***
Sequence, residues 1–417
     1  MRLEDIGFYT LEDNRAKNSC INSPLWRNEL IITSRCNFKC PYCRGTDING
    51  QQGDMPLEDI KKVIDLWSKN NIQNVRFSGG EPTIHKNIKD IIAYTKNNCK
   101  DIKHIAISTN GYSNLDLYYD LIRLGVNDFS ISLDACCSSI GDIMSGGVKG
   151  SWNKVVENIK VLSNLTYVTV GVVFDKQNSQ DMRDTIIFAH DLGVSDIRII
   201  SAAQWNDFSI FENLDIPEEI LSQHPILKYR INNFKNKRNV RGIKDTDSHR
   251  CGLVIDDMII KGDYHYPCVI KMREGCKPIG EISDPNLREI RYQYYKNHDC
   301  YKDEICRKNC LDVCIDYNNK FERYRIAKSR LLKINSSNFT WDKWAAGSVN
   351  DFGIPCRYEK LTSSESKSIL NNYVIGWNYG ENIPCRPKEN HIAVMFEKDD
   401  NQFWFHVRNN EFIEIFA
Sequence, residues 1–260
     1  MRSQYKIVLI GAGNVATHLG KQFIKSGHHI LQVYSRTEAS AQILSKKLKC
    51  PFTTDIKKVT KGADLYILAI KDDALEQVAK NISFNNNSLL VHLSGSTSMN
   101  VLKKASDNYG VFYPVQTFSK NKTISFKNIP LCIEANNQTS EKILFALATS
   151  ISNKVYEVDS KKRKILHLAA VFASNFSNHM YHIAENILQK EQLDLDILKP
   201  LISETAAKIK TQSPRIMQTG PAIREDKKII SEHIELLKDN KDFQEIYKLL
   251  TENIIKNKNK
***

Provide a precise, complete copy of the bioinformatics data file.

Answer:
Sequence, residues 1–417
     1  MRLEDIGFYT LEDNRAKNSC INSPLWRNEL IITSRCNFKC PYCRGTDING
    51  QQGDMPLEDI KKVIDLWSKN NIQNVRFSGG EPTIHKNIKD IIAYTKNNCK
   101  DIKHIAISTN GYSNLDLYYD LIRLGVNDFS ISLDACCSSI GDIMSGGVKG
   151  SWNKVVENIK VLSNLTYVTV GVVFDKQNSQ DMRDTIIFAH DLGVSDIRII
   201  SAAQWNDFSI FENLDIPEEI LSQHPILKYR INNFKNKRNV RGIKDTDSHR
   251  CGLVIDDMII KGDYHYPCVI KMREGCKPIG EISDPNLREI RYQYYKNHDC
   301  YKDEICRKNC LDVCIDYNNK FERYRIAKSR LLKINSSNFT WDKWAAGSVN
   351  DFGIPCRYEK LTSSESKSIL NNYVIGWNYG ENIPCRPKEN HIAVMFEKDD
   401  NQFWFHVRNN EFIEIFA
Sequence, residues 1–260
     1  MRSQYKIVLI GAGNVATHLG KQFIKSGHHI LQVYSRTEAS AQILSKKLKC
    51  PFTTDIKKVT KGADLYILAI KDDALEQVAK NISFNNNSLL VHLSGSTSMN
   101  VLKKASDNYG VFYPVQTFSK NKTISFKNIP LCIEANNQTS EKILFALATS
   151  ISNKVYEVDS KKRKILHLAA VFASNFSNHM YHIAENILQK EQLDLDILKP
   201  LISETAAKIK TQSPRIMQTG PAIREDKKII SEHIELLKDN KDFQEIYKLL
   251  TENIIKNKNK